English, PDF, 95kb
This country note from Going for Growth 2015 for Sweden identifies and assesses progress made on key reforms to boost long-term growth, improve competitiveness and productivity and create jobs.
Green is not only compatible with growth; green is a source of growth. Sweden was one of the first countries to understand this and showed tremendous leadership when it introduced the world’s first carbon tax in 1991, amidst the economic crisis. Yet there is so much more that can be done to foster a fast transition to a low-carbon world whilst creating the competitive economies of the future.
In December 2013, the Swedish population reached 9 million of which 1.5 million (15.9%) were foreign-born and about 468 000 Swedish-born with two foreign-born parents.
This publication highlights new evidence on policies to support job creation, bringing together the latest research on labour market, entrepreneurship and local economic development policy to help governments support job creation in the recovery. It also includes a set of country pages featuring, among other things, new data on skills supply and demand at the level of smaller OECD regions (TL3).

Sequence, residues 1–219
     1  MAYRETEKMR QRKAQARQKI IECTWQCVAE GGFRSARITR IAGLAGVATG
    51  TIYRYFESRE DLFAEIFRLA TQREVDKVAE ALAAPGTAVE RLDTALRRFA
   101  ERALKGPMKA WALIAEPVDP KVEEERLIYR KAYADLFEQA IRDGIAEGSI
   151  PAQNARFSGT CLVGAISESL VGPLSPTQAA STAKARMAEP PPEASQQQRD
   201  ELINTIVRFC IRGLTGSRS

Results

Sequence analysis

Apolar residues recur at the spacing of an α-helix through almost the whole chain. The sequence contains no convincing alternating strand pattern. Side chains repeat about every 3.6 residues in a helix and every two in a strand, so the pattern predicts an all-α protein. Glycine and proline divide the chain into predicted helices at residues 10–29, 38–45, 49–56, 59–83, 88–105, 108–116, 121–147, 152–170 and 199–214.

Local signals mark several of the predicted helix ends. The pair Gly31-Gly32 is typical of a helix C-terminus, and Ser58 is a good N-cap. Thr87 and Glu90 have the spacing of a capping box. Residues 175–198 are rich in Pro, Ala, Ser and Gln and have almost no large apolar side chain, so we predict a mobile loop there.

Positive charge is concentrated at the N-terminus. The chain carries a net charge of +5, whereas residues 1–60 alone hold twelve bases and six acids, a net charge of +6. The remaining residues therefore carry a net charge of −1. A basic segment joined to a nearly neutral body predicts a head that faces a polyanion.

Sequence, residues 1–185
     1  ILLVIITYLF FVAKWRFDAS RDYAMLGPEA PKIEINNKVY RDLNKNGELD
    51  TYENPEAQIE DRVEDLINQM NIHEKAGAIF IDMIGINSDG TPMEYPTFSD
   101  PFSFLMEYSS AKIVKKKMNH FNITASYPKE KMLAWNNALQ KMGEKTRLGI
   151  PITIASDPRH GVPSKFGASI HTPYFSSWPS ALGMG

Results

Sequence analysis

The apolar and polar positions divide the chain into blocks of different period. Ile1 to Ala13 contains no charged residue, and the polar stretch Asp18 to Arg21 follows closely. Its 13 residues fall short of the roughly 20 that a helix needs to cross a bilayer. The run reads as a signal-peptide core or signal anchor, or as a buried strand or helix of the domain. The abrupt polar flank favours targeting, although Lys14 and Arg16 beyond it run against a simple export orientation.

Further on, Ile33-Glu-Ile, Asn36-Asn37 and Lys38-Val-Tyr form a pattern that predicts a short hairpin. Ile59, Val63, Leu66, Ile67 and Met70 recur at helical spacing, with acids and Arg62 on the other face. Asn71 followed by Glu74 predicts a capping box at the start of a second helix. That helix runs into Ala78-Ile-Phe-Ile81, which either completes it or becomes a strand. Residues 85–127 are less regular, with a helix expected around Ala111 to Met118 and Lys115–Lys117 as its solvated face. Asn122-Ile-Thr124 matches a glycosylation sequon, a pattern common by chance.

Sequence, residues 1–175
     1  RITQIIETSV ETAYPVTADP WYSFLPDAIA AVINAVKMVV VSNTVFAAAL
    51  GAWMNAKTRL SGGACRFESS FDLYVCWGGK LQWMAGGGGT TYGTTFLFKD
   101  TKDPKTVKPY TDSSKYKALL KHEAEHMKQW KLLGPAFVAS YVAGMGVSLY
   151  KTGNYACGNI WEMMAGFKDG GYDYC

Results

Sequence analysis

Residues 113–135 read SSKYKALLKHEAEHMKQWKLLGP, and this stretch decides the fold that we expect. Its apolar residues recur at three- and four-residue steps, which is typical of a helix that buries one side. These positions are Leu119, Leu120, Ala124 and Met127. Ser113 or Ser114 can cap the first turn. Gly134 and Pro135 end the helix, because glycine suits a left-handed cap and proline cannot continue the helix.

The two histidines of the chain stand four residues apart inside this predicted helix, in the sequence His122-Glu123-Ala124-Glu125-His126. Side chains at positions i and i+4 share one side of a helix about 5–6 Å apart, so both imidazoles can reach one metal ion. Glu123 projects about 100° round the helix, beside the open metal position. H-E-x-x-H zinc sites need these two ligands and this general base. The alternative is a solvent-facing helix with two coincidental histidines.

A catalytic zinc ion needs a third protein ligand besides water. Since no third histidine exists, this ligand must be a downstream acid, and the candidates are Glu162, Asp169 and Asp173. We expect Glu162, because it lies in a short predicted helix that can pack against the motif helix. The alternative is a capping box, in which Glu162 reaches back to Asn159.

Country notes outlining regional variations in health, jobs, safety, environment, access to services, civic engagement, housing, education, income, and employment. These notes are from the OECD publication "How's Life in Your Region?".
Getting regions and cities 'right', adapting policies to the specificities of where people live and work, is vital to improving citizens’ well-being. View the country factsheets from the publication OECD Regional Outlook 2014.
Country notes with main key findings of the book and key fact tables: a customised snapshot of a country's educational environment, highlighting the most important issues in the educational landscape.
English, PDF, 500kb
As in other Scandinavian countries, lifelong learning is very well developed in Sweden, and contributes to making the system inclusive.
English, PDF, 684kb
The ability to measure innovation is essential to an improvement strategy in education. This country note analyses how the practices are changing within classrooms and educational organisations and how teachers develop and use their pedagogical resources.